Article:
The DC-10's in the AA
fleet in the 1970's had a cockpit camera, not a nose camera. As others have pointed out, external cameras, especially in color, are a relatively new feature, and are mostly related to very large airplanes that might otherwise be difficult to taxi without some kind of outside view, particularly of the main landing gear. You see, while taxiing, the mains must more or less straddle the taxiway centerline, and this is difficult to maintain in turns, especially with very long aircraft with the nosewheel behind the pilot seat.
As to the notion that the passengers on the AA
DC-10 in 1979 could watch the awful action on the TV
, I'm sure that most of them were watching and, more to the point feeling, the tragedy unfold out the windows and through the seat of their pants. The aircraft rolled beyond 90 degrees, and from the photo taken from the ground it is safe to assume that the roll was not fully coordinated; that is, it would have felt VERY frightening, like falling sideways. The actual cockpit camera view on the entertainment system was configured, in terms of exposure, to show the interior of the cockpit, and the outside view, what little there was of it, was usually overexposed and out of focus during the day.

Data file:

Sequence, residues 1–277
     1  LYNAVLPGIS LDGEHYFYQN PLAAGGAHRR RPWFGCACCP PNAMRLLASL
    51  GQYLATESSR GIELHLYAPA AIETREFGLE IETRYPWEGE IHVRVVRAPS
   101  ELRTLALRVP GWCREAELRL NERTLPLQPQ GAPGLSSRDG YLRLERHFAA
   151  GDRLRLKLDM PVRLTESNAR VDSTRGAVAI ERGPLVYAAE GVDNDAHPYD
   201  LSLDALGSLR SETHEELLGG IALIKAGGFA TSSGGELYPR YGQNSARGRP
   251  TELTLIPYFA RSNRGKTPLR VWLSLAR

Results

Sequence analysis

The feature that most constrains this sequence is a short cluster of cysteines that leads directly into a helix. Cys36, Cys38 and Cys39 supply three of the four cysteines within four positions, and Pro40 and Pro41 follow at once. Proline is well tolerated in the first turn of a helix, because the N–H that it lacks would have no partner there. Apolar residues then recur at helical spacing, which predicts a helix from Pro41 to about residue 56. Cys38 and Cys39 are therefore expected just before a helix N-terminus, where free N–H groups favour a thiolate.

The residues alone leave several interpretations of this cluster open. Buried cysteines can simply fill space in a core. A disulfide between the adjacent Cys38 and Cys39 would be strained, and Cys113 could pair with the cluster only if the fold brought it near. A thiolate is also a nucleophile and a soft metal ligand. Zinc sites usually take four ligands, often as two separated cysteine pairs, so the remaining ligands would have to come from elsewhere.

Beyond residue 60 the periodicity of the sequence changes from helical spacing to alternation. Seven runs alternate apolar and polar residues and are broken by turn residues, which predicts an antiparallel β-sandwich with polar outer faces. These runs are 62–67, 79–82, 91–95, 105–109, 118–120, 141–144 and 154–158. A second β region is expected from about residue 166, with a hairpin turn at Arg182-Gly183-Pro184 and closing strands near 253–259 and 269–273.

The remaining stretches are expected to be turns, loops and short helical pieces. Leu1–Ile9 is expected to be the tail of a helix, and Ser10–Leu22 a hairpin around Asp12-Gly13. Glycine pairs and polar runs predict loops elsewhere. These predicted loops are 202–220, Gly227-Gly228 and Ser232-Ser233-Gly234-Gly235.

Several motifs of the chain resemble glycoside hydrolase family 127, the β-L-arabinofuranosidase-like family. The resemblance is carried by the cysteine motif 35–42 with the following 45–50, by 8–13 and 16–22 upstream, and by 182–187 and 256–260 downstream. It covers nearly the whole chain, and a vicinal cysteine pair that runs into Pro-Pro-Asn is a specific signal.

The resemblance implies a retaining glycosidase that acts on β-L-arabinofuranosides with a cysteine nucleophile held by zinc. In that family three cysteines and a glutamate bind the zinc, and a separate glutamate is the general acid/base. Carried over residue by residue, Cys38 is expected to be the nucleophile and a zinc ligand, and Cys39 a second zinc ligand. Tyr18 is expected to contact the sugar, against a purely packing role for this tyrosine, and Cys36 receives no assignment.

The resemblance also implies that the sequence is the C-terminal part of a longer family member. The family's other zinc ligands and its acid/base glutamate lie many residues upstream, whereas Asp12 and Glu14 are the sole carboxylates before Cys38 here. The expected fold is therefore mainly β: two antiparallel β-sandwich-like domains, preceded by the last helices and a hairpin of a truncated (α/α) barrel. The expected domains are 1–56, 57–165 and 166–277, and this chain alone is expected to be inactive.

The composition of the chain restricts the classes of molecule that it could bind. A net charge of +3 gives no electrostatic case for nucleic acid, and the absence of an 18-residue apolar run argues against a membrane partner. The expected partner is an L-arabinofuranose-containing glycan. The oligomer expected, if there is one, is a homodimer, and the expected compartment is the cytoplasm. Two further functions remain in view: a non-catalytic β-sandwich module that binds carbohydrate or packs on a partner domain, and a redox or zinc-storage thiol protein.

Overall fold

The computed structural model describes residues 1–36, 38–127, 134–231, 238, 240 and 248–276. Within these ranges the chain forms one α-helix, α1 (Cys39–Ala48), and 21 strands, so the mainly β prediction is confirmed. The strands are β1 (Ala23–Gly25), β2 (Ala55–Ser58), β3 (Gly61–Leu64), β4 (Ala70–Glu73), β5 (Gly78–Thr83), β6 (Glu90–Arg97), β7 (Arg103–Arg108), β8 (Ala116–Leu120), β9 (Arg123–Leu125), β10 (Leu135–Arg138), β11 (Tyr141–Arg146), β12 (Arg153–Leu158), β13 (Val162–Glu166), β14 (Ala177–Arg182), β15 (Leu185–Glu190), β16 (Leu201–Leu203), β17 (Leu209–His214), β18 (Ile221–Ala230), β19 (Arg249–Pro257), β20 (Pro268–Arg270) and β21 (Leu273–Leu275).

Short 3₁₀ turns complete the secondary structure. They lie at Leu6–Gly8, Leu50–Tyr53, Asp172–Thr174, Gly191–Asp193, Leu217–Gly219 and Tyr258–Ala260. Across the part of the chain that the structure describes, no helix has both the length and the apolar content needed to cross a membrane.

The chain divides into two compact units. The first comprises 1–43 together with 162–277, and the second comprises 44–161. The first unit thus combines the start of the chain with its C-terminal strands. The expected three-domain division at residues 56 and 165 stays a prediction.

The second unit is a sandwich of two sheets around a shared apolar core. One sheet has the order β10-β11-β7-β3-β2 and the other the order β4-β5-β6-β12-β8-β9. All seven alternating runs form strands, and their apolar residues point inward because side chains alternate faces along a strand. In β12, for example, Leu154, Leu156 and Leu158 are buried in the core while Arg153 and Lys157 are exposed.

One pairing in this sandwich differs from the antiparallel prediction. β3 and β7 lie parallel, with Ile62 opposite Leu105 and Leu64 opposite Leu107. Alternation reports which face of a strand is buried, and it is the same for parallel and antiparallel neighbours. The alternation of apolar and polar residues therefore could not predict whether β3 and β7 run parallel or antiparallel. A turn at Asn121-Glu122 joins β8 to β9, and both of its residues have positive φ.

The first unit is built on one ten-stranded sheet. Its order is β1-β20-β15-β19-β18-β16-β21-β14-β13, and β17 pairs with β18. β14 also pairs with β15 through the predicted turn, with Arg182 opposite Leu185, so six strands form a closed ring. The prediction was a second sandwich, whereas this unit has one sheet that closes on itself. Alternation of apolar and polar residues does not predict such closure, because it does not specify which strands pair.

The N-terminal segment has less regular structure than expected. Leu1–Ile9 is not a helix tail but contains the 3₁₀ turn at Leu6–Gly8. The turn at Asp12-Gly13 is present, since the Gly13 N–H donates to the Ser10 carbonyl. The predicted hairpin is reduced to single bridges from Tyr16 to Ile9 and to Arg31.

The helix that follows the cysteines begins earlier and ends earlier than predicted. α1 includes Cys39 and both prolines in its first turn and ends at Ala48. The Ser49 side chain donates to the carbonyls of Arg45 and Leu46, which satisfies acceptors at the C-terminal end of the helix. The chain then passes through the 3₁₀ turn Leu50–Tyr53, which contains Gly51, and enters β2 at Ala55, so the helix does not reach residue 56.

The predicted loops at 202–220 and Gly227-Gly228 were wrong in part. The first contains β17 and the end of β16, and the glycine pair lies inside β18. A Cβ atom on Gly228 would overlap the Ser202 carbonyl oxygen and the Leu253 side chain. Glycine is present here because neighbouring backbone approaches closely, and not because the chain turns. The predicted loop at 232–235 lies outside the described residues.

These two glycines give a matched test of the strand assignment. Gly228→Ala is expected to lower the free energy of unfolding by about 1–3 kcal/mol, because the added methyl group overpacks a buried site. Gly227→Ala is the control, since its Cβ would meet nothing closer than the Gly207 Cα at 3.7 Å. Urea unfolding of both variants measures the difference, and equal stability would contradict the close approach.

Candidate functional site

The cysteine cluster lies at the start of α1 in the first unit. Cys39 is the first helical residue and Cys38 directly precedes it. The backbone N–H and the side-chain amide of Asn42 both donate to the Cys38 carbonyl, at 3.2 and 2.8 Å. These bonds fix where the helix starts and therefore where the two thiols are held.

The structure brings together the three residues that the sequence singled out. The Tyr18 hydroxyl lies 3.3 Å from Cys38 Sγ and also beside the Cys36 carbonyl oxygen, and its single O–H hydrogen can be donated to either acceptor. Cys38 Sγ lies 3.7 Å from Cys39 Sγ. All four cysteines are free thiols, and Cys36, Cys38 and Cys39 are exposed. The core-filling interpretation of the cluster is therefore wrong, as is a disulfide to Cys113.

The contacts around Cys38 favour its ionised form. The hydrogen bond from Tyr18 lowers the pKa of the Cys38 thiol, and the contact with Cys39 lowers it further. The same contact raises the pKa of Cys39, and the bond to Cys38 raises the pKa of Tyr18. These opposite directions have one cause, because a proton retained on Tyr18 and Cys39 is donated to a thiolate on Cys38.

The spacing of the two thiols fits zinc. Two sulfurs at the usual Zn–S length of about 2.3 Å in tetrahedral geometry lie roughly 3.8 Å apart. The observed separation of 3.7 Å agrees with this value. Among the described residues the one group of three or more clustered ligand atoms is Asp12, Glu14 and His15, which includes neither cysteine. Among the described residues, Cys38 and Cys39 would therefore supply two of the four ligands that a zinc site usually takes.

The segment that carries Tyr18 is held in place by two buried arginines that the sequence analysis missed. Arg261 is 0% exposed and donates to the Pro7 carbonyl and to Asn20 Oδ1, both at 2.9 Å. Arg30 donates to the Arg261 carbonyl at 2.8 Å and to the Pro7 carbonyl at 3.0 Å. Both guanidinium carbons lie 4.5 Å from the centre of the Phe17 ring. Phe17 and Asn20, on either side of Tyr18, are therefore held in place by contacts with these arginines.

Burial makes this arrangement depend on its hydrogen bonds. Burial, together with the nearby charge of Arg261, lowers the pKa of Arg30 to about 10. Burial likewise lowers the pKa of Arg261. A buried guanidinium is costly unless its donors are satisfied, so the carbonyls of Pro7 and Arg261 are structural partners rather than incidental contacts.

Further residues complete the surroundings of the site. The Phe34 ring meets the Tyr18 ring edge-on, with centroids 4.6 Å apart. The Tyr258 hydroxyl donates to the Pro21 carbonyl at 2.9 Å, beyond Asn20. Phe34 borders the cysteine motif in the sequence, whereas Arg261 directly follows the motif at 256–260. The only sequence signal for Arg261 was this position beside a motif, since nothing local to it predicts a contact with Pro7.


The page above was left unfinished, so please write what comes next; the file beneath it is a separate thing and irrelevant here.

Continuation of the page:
The advent of high definition cameras and entertainment systems will probably portend an era when the very heavy and expensive cabin windows can actually be deleted from future transport aircraft designs. I am actually surprised that the A380 and 787 have cabin windows -- it would have saved many thousands of pounds of glass, plastic and metal if the fuselage had no windows or reinforced openings, and the sad part is that today, on both day and night flights, all of the shades are drawn anyway, the better to view the mostly insipid offerings of Hollywood! To open a window shade, at least on a day flight, is to risk being pilloried and excoriated without mercy!
Someday soon we will will also be able, technologically at least, to dispense with the cockpit windows, although by then I will be long retired from the left seat! I do still relish my view, you see - it's the best part of the job!